Gynaecologic oncology day surgery deals primarily with the diagnosis of endometrial, cervical, vulvar and vaginal tumors. Conscious sedation is an important technique used in gynaecologic oncology day surgery. It is often associated with regional anaesthesia. The goals of conscious sedation are to provide effective pain control with complete safety, reduction of the recovery time, of the infection risk and cost. Since the consequences of the immunosuppressive effects of the opiates and the surgical stress could lead to an increased susceptibility to post-operative infections and a possible lack of immunological defence in the cancer patients, we investigated the possibility of eliminating the administration of opiates during minor operations in gynaecologic oncology day surgery. In this study, 400 patients, aged between 35 and 77 years, underwent surgery using sedation at the day hospital annexed to the Gynaecology and Obstetrics Department of the 2nd University of Naples, Italy. The patients were randomized into two equal study groups, according to a computer-generated randomised list. All patients were seen by the consultant anaesthetist three days before surgery. In all cases, during surgery, we monitored the main vital parameters such as ECG, HR and RR, BT, BP and SO. The drugs commonly used were: opioids, hypnotics and benzodiazepines, associated or not, with local anaesthetics. By using these drugs, pain and anxiety were reduced, sedation and amnesia were accomplished. In our experience, conscious sedation seems to be the best choice in gynaecologic oncology day surgery because it presents low toxicity, is short acting and readily reversible, has a low cost and, finally, because it is more comfortable for the patients. Moreover, it is possible to eliminate the administration of opiates during conscious sedation for less invasive surgical procedures.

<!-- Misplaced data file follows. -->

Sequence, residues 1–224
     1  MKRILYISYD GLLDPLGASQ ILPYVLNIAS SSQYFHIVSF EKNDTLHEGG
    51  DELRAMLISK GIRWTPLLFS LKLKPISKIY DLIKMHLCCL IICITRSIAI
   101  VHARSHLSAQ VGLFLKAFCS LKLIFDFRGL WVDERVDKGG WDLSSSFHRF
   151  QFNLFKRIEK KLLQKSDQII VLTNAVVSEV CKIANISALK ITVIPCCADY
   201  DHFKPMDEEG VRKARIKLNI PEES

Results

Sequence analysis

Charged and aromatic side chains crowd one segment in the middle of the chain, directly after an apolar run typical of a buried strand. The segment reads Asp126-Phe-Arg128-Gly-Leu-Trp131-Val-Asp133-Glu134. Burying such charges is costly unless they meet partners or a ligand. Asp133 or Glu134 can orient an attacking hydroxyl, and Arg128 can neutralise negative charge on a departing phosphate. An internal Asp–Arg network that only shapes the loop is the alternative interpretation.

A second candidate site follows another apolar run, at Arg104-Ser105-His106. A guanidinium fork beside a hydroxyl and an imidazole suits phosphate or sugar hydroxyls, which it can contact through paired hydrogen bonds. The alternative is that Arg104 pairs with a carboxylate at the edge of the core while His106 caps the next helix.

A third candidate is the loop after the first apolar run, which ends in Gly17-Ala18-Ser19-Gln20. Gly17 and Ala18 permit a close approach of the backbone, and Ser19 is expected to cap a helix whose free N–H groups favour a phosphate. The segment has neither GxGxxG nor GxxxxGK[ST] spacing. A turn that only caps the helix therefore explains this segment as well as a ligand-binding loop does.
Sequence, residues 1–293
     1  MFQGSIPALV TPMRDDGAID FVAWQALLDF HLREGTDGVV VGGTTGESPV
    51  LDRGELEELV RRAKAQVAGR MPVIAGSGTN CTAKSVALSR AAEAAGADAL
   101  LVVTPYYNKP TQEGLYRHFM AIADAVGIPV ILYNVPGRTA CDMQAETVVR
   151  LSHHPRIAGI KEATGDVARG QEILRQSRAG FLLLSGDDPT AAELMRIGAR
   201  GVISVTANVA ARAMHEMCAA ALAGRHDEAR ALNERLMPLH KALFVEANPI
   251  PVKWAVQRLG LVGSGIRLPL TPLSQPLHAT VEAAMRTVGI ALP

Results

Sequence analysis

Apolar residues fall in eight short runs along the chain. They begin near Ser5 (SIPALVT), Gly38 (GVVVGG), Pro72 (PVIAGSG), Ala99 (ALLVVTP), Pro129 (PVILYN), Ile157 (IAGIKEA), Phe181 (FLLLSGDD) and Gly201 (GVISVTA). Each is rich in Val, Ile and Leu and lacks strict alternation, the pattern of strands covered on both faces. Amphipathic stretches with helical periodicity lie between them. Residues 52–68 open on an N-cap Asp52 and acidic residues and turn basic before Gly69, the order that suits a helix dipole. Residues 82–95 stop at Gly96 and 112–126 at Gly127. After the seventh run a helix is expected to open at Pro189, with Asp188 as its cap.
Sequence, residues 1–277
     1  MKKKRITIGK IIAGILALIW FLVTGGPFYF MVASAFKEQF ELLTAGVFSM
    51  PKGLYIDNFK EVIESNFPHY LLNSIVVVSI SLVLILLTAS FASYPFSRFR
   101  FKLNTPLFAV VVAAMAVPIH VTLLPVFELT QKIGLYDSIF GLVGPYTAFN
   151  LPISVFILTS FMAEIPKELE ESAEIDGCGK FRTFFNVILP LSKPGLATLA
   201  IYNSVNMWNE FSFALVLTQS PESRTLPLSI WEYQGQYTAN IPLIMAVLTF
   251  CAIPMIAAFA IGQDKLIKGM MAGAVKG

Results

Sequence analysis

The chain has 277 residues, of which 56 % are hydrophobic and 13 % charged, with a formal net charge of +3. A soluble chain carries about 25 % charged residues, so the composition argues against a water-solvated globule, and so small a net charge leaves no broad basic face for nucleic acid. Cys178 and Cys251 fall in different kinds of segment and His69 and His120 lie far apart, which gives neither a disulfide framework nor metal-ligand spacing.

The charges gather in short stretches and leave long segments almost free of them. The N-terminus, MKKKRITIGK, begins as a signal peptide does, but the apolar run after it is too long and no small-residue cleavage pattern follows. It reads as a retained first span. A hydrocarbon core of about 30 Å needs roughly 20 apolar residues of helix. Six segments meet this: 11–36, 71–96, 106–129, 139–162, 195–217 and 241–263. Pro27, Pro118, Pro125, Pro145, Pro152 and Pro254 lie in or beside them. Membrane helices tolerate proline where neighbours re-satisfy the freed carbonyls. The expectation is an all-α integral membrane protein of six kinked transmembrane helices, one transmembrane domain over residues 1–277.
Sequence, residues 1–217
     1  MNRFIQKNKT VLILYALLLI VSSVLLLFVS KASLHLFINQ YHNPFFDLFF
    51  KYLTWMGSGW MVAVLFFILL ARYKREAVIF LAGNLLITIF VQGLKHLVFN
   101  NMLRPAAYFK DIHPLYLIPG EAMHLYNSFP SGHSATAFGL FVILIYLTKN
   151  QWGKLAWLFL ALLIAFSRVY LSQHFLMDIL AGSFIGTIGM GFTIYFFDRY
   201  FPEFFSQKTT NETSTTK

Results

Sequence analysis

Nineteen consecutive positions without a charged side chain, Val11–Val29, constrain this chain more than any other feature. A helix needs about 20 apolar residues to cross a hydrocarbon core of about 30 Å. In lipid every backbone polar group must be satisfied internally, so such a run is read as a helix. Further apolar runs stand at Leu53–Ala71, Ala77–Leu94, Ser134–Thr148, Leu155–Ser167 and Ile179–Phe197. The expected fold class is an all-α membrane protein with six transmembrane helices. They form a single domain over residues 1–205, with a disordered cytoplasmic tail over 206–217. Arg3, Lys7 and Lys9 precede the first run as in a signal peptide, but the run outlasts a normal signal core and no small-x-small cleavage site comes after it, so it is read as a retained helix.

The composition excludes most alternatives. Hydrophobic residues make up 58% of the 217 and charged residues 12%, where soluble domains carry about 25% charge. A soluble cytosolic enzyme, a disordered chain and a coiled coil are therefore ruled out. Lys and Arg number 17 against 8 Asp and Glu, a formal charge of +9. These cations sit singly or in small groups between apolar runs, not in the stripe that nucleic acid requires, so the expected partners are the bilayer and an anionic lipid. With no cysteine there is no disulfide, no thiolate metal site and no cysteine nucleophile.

Sedation in gynaecologic oncology day surgery

Pace, M. C;PALAGIANO, Antonio;Passavanti, M. B;AURILIO, Caterina
2004

Abstract

Gynaecologic oncology day surgery deals primarily with the diagnosis of endometrial, cervical, vulvar and vaginal tumors. Conscious sedation is an important technique used in gynaecologic oncology day surgery. It is often associated with regional anaesthesia. The goals of conscious sedation are to provide effective pain control with complete safety, reduction of the recovery time, of the infection risk and cost. Since the consequences of the immunosuppressive effects of the opiates and the surgical stress could lead to an increased susceptibility to post-operative infections and a possible lack of immunological defence in the cancer patients, we investigated the possibility of eliminating the administration of opiates during minor operations in gynaecologic oncology day surgery. In this study, 400 patients, aged between 35 and 77 years, underwent surgery using sedation at the day hospital annexed to the Gynaecology and Obstetrics Department of the 2nd University of Naples, Italy. The patients were randomized into two equal study groups, according to a computer-generated randomised list. All patients were seen by the consultant anaesthetist three days before surgery. In all cases, during surgery, we monitored the main vital parameters such as ECG, HR and RR, BT, BP and SO. The drugs commonly used were: opioids, hypnotics and benzodiazepines, associated or not, with local anaesthetics. By using these drugs, pain and anxiety were reduced, sedation and amnesia were accomplished. In our experience, conscious sedation seems to be the best choice in gynaecologic oncology day surgery because it presents low toxicity, is short acting and readily reversible, has a low cost and, finally, because it is more comfortable for the patients. Moreover, it is possible to eliminate the administration of opiates during conscious sedation for less invasive surgical procedures.
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Utilizza questo identificativo per citare o creare un link a questo documento: http://hdl.handle.net/11591/325437
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